Turning to the monetary analysis, broad money (M3) growth stood at 5.2% in January 2020, having moderated somewhat from its recent peak. Money growth continues to reflect ongoing bank credit creation for the private sector and low opportunity costs of holding M3 relative to other financial instruments. The narrow monetary aggregate M1 continues to be the main contributor to broad money growth.

Loans to the private sector continued to expand. The annual growth rate of loans to households picked up somewhat to 3.7% in January 2020, from 3.6% in December 2019. The annual growth rate of loans to non-financial corporations remained unchanged at 3.2% in January, confirming the moderation seen since autumn 2019 and likely reflecting the typically lagged reaction to the past weakening in the economy. Overall, our accommodative monetary policy stance, including the measures taken today, will safeguard favourable bank lending conditions and will continue to support access to financing, including for those affected most by the ramifications of the coronavirus and, in particular, for small and medium-sized enterprises.

To sum up, a cross-check of the outcome of the economic analysis with the signals coming from the monetary analysis confirmed that an ample degree of monetary accommodation is necessary for the robust convergence of inflation to levels that are below, but close to, 2% over the medium term.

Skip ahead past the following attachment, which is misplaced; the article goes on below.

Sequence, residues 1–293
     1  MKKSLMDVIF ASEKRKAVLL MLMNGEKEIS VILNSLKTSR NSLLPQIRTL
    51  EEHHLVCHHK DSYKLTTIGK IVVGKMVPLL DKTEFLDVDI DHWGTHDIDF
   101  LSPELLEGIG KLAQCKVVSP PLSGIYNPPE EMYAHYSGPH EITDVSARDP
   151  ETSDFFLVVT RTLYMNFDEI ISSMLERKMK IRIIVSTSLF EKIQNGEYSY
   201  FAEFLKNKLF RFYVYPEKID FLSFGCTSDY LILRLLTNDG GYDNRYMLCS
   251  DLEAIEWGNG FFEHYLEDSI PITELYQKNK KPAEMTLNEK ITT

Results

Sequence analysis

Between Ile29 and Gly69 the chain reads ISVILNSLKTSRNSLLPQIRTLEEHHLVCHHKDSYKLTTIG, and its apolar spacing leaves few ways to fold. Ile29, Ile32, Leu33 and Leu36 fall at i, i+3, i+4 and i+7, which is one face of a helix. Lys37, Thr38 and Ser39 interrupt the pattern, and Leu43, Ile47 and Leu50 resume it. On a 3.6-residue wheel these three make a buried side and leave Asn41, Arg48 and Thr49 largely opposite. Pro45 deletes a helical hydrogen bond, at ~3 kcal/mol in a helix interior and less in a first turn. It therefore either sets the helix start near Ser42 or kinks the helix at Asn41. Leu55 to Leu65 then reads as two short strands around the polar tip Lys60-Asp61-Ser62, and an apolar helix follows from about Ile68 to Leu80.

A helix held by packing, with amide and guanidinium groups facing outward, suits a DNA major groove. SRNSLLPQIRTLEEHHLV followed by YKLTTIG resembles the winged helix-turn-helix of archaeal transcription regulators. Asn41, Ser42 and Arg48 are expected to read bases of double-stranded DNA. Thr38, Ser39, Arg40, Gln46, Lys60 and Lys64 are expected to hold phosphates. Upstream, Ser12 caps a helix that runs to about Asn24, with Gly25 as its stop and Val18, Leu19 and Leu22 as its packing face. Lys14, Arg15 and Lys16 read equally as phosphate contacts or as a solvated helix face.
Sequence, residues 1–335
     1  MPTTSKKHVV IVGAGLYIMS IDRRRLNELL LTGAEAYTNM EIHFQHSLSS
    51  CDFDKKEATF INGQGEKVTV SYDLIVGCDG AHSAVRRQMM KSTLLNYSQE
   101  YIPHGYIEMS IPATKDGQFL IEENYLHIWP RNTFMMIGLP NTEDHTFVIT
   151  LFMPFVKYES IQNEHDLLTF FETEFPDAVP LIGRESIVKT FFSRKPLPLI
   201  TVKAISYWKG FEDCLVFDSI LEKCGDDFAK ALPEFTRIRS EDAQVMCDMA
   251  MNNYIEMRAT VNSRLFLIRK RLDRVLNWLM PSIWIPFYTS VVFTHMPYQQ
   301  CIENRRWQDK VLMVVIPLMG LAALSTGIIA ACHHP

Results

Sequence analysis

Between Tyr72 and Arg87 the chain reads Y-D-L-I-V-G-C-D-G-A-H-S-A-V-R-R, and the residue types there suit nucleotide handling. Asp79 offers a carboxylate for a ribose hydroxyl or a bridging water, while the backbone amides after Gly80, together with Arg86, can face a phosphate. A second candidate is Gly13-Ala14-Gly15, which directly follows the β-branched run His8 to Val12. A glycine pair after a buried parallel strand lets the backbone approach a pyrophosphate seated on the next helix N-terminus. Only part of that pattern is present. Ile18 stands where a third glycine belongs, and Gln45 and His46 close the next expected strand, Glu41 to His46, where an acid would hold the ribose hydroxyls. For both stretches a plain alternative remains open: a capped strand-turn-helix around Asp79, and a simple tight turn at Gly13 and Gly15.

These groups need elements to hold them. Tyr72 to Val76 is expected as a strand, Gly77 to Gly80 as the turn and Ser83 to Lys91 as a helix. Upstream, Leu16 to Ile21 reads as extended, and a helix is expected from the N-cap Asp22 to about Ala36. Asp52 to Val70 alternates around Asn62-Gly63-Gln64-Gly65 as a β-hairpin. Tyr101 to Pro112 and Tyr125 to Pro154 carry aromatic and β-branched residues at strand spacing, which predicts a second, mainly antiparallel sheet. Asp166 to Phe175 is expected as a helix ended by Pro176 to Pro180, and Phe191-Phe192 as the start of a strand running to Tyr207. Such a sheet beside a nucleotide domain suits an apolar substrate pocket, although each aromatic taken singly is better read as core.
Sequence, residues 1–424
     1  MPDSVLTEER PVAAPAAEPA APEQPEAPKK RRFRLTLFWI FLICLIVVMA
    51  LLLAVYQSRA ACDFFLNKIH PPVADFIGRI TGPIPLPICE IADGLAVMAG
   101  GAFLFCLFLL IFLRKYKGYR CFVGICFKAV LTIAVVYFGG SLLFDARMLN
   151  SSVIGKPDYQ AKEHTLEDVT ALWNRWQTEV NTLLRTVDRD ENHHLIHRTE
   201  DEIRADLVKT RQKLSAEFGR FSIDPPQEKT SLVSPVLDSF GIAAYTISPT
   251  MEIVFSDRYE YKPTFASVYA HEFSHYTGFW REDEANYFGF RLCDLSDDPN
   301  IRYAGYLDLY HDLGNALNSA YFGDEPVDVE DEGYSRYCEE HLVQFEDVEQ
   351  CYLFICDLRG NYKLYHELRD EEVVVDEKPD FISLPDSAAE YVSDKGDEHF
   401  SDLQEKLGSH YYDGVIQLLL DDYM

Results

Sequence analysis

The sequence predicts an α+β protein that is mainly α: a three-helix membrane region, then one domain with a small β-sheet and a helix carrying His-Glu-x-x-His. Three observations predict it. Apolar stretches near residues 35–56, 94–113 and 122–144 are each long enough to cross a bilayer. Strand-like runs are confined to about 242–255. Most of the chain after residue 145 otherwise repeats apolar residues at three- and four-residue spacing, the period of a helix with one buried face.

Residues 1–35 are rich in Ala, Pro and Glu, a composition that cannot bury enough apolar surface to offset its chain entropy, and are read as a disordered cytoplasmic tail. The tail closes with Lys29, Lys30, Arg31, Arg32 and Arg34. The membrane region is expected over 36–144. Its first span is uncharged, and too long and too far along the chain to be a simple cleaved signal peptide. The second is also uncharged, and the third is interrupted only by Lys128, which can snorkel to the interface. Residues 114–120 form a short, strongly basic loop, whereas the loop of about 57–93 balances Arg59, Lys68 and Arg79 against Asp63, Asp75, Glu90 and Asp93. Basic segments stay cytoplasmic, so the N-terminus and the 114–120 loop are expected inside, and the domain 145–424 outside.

Regarding fiscal policies, an ambitious and coordinated fiscal stance is now needed in view of the weakened outlook and to safeguard against the further materialisation of downside risks. We welcome the measures already taken by several governments to ensure sufficient health sector resources and to provide support to affected companies and employees. In particular, measures such as providing credit guarantees are needed to complement and reinforce the monetary policy measures taken today. We welcome the commitment of the euro area governments and the European Institutions to act now, strongly, and together in response to the repercussions of the further spread of the coronavirus.

Before we take your questions, we would like to express our profound gratitude to all those who are dedicating their time and efforts in saving lives and containing the spread of the coronavirus.

* * *

My first question would be about the rationale for not cutting interest rates today. Could you give us the reason why there was no rate cut today? Is it because there was not enough support for such a move within the Governing Council, or maybe you all considered this is counterproductive? That's my first question.

Another question is about the issue you mentioned as the last, which is this extra envelope of QE. Have you also discussed this part of adding that envelope, change your issue and issuer limits of the current programme, and also, will the decisions change anything with regards to the orientation of the APP towards meeting the capital key?